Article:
Jack Handey gave us this deep thought:
If a kid asks where rain comes from, I think a cute thing to tell him is “God is crying.” And if he asks why God is crying, another cute thing to tell him is “Probably because of something you did.”
James Comey’s Twitter feed is a fertile source of such deep thoughts. I give you, for example, the deep thought below.
Political candidates and elected officials should not talk about the future prosecution of any individual. Law enforcement decisions must be apolitical.
— James Comey (@Comey) June 15, 2019
If we are to take this at face value and not merely as a signal of his inner truth and greatness, James Comey must be one of the least self-aware men in the annals of mankind.
The editors of the Washington Post frequently give Comey space to amplify his deep thoughts. They can’t get enough of ’em. Most recently, Comey contributed a column yesterday to ruminate on President Trump’s post-acquittal event in the East Room of the White House this past Thursday. The column is accessible here on Outline.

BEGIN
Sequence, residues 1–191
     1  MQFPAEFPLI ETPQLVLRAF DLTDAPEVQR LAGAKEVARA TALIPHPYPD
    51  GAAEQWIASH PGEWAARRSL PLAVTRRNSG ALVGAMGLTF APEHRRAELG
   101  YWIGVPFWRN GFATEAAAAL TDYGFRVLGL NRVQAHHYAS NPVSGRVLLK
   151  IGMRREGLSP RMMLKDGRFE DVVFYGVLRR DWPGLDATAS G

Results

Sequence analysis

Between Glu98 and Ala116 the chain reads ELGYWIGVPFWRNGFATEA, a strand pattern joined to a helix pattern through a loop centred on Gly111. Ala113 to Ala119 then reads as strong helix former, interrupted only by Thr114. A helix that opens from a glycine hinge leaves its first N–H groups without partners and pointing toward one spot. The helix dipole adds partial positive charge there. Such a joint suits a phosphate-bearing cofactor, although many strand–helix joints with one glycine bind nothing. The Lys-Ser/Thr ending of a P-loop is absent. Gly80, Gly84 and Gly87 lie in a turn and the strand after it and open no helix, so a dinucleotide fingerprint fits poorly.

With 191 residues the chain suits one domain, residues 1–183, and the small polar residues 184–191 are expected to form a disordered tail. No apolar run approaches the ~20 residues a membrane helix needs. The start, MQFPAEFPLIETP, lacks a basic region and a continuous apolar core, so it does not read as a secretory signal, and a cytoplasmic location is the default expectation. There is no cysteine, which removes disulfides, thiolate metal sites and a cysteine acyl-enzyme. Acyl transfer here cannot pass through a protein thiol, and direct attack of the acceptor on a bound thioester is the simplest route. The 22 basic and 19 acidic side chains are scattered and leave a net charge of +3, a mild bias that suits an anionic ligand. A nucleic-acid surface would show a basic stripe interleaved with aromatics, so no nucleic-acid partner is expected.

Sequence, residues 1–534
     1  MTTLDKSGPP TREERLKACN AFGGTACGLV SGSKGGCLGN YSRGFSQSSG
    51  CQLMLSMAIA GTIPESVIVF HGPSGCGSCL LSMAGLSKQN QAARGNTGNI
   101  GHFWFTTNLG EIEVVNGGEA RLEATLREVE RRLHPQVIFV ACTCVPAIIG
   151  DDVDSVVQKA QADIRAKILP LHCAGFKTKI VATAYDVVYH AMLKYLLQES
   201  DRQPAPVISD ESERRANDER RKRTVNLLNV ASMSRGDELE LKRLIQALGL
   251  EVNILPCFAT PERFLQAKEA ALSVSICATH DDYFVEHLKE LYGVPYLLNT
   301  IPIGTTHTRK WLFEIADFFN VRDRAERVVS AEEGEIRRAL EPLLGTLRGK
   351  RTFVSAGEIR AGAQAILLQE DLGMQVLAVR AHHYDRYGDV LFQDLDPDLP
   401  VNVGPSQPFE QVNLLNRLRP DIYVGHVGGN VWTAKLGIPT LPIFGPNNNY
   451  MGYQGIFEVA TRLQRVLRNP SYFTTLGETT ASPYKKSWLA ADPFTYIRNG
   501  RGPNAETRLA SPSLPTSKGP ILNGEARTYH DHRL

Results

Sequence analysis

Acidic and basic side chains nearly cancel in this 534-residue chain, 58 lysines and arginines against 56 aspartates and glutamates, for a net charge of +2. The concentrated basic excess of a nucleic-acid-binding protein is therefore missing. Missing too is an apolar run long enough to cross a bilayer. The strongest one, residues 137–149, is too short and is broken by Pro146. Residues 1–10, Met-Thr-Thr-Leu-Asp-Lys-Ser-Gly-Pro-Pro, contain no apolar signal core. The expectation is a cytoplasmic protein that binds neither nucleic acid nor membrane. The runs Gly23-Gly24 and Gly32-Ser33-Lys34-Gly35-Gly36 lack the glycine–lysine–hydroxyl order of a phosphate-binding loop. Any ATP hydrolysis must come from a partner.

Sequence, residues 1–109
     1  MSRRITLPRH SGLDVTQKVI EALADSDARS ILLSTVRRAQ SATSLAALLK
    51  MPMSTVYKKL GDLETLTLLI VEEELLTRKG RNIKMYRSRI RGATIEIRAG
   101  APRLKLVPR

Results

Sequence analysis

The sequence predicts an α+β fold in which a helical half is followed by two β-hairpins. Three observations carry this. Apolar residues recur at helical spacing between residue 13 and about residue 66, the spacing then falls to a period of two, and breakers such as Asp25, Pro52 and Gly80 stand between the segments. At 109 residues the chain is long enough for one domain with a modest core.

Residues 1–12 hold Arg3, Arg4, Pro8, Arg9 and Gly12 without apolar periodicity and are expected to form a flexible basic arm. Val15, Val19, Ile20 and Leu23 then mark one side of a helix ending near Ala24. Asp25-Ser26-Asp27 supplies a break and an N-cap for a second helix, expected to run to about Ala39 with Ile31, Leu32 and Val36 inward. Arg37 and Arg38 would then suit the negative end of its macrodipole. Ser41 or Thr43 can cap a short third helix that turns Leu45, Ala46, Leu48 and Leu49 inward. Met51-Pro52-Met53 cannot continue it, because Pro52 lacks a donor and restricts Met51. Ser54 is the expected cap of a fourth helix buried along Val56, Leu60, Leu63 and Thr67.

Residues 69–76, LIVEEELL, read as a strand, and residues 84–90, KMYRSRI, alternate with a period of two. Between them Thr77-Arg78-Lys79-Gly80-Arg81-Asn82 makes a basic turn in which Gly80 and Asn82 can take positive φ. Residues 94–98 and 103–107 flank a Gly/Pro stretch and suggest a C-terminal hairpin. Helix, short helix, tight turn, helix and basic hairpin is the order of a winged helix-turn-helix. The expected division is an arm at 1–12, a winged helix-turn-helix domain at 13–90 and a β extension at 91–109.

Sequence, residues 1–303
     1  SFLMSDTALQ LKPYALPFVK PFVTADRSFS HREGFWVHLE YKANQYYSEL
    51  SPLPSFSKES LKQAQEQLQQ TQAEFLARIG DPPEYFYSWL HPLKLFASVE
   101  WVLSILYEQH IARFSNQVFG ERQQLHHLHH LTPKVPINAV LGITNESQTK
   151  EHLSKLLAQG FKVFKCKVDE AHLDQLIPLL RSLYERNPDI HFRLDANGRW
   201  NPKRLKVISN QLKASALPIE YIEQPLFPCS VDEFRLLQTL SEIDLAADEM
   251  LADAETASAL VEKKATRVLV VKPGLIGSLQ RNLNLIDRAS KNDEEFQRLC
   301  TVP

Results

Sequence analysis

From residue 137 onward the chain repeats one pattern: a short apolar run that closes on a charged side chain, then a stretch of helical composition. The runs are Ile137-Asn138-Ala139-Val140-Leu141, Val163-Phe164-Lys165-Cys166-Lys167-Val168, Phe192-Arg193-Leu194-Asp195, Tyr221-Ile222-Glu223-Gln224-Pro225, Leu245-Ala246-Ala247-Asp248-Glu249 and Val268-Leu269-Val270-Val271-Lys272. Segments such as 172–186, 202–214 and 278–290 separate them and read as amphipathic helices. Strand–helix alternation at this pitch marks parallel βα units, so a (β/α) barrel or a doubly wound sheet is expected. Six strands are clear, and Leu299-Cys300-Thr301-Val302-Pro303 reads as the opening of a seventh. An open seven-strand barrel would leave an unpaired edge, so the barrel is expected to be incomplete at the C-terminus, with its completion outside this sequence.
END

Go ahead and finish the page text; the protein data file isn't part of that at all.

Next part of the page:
If he had any friends, I should think they would have conducted an intervention on him by now. Comey is uninhibited in displaying his cluelessness to readers who get their news from the Post. In his current column’s introductory remarks, for example, Comey notes: “[A]s usual, [Trump] called me a sleaze and scum and a dirty cop and said he likely would no longer be president if he hadn’t fired me. Although I still can’t follow the logic of that last bit, it doesn’t matter.” Comey is confident that readers who get their news from the Post will be similarly befuddled.
The rest of us understand perfectly well what Trump was saying. Jim, you can reach me at [email protected] for an explanation. I can give it to you in fewer than 280 characters. I can give it you in fewer than 140 characters.
This is only the preface to Comey’s autobiographical reflections on the adolescent James Comey. Comey would have us believe that he has to look back to his teenage years to draw a lesson about the perils of running with the crowd. Comey could update his reflections with tales of his days at the FBI running with Andrew McCabe, James Baker, Peter Strzok, Lisa Page and others, including Barack Obama. Comey doesn’t go there, of course. This is where he goes:
We have passed through the legal and constitutional trials of the Trump era. They were painful, but we now face our greatest trial, because it is about each of us, alone. And especially about those who were, or are, Republicans. Will they assert personal, core values in the face of a powerfully human temptation to surrender them? Or will they still those inner voices, smile tightly in places like the East Room, and drift with the crowd? We will know in just nine months.
Can you follow the logic of that last bit? Somewhere God is crying.